How do we decide what is good or evil? The usual answer is that we decide by conscience. But probably no one thinks now of conscience as a separate faculty, like one of the senses. Indeed, it cannot be so thought of. For an autonomous faculty like a sense cannot be argued with; you cannot argue a man into seeing green if he sees blue. But the conscience can be altered by argument; and if you did not think so, you would not have asked me to come and argue with you about the morality of obeying the civil law when it tells us to serve in the wars. Conscience, then, means the whole man engaged in a particular subject matter.
But even in this sense conscience still has two meanings. It can mean (a) the pressure a man feels upon his will to do what he Thinks is right; (b) his judgment as to what the content of right and wrong are. In sense (a) conscience is always to be followed. It is the sovereign of the universe, which “if it had power as it has right, would absolutely rule the world.” It is not to be argued with, but obeyed, and even to question it is to incur guilt. But in sense (b) it is a very different matter. People may be mistaken about wrong and right; most people in some degree are mistaken. By what means are mistakes in this field to be corrected?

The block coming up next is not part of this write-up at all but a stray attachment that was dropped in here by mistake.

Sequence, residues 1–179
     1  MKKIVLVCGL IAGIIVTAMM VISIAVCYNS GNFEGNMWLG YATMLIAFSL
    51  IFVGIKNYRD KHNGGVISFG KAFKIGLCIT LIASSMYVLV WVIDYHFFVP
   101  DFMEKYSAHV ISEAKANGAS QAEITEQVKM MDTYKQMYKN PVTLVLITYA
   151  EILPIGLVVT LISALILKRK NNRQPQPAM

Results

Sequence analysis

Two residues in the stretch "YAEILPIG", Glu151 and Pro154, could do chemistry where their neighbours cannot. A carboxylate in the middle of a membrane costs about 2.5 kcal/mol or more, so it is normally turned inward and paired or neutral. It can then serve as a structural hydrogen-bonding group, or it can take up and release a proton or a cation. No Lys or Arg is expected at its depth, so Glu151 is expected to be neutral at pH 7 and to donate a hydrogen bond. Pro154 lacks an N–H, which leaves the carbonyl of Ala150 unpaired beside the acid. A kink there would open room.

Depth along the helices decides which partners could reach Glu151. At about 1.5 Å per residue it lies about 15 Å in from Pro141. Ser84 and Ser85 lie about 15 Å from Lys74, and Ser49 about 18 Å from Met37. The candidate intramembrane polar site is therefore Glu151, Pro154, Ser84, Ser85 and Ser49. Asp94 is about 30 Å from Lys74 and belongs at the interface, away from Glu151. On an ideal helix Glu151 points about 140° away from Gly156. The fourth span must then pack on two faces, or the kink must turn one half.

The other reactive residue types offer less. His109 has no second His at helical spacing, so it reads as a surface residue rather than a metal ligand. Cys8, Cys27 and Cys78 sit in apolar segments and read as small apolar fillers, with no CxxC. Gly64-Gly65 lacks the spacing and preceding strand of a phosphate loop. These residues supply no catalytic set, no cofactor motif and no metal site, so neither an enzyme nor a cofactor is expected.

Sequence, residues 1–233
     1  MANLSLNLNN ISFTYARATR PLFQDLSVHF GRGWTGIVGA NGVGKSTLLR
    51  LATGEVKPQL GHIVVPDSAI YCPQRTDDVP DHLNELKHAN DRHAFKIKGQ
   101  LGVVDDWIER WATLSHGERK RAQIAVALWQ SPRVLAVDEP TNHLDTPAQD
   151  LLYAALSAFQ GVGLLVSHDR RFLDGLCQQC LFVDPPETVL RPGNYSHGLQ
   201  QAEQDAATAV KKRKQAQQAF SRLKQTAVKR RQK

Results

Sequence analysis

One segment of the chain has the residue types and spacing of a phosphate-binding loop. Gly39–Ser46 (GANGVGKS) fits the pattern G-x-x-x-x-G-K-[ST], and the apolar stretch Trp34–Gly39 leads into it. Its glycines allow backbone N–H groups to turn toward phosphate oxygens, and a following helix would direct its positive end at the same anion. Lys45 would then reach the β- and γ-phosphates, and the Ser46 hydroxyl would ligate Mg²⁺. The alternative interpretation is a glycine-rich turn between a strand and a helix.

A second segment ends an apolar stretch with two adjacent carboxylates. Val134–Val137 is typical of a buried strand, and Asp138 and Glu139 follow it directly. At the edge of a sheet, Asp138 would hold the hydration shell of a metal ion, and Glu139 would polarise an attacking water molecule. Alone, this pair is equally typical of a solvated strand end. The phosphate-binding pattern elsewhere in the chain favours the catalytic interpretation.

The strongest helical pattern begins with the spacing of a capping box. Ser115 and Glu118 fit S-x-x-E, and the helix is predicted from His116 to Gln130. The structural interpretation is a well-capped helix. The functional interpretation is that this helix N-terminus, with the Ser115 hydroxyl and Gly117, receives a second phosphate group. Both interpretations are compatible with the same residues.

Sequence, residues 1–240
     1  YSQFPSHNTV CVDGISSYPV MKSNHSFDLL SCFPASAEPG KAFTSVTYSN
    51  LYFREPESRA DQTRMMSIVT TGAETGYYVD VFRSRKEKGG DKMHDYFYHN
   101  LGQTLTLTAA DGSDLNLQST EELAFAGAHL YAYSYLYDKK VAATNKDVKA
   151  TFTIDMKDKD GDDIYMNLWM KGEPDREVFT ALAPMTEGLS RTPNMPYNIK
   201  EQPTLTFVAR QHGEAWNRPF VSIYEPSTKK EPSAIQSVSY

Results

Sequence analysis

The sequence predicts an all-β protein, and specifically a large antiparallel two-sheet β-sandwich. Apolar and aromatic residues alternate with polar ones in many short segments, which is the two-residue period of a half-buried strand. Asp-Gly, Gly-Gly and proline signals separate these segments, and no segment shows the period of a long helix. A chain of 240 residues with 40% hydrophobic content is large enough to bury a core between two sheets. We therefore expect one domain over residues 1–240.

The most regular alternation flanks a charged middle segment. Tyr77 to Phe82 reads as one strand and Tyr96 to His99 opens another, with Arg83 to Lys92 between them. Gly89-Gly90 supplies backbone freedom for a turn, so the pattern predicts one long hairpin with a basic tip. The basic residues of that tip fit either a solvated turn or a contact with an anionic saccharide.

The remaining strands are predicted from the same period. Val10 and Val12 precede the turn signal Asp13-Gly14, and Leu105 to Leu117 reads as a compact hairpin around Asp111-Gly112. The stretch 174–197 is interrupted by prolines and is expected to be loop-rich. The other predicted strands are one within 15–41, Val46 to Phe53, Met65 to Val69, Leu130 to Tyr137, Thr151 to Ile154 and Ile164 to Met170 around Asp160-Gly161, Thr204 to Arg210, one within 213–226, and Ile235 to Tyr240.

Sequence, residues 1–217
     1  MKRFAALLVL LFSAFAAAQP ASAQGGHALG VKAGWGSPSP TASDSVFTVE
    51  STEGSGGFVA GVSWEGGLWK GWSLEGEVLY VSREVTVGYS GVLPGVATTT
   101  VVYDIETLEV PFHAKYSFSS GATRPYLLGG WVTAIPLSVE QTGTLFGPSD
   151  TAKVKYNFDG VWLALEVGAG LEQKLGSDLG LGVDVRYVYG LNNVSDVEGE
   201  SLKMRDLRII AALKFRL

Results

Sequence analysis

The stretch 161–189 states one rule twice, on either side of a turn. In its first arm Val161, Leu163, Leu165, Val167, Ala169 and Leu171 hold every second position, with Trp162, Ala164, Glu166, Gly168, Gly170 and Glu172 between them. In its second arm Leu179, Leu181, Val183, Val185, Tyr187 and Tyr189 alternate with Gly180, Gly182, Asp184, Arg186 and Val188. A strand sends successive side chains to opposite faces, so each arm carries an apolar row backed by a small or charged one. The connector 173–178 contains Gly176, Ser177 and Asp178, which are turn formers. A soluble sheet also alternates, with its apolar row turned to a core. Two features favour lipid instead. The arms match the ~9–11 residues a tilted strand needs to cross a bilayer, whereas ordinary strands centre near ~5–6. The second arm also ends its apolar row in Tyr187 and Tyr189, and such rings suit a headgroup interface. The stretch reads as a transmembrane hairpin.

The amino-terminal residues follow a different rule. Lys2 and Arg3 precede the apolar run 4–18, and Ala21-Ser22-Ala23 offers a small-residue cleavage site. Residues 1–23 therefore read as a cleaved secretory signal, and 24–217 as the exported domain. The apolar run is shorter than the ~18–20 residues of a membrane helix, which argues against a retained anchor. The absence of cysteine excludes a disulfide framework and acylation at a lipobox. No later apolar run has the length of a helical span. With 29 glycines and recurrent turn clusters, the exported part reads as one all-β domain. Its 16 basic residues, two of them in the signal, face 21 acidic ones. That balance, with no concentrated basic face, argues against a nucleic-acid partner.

The Weight of Glory: And Other Addresses. Copyright © 1949, C. S. Lewis Pte. Ltd. Copyright renewed © 1976, revised 1980 C. S. Lewis Pte. Ltd. All rights reserved. Used with permission of HarperCollins Publishers. Words to Live By: A Guide for the Merely Christian. Copyright © 2007 by C. S. Lewis Pte. Ltd. All rights reserved. Used with permission of HarperCollins Publishers.